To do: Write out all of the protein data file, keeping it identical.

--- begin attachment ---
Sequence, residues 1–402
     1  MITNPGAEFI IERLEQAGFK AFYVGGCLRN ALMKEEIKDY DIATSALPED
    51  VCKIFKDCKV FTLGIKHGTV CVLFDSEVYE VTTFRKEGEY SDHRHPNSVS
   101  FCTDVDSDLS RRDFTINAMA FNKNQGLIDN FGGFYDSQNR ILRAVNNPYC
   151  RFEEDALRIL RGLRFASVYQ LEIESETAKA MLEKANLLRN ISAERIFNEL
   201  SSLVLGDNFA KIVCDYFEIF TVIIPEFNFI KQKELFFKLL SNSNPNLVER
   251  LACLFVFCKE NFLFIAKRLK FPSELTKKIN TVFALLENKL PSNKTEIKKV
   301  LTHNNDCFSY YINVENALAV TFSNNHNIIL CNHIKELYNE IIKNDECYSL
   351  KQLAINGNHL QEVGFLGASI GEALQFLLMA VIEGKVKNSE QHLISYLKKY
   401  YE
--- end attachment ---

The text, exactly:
Sequence, residues 1–402
     1  MITNPGAEFI IERLEQAGFK AFYVGGCLRN ALMKEEIKDY DIATSALPED
    51  VCKIFKDCKV FTLGIKHGTV CVLFDSEVYE VTTFRKEGEY SDHRHPNSVS
   101  FCTDVDSDLS RRDFTINAMA FNKNQGLIDN FGGFYDSQNR ILRAVNNPYC
   151  RFEEDALRIL RGLRFASVYQ LEIESETAKA MLEKANLLRN ISAERIFNEL
   201  SSLVLGDNFA KIVCDYFEIF TVIIPEFNFI KQKELFFKLL SNSNPNLVER
   251  LACLFVFCKE NFLFIAKRLK FPSELTKKIN TVFALLENKL PSNKTEIKKV
   301  LTHNNDCFSY YINVENALAV TFSNNHNIIL CNHIKELYNE IIKNDECYSL
   351  KQLAINGNHL QEVGFLGASI GEALQFLLMA VIEGKVKNSE QHLISYLKKY
   401  YE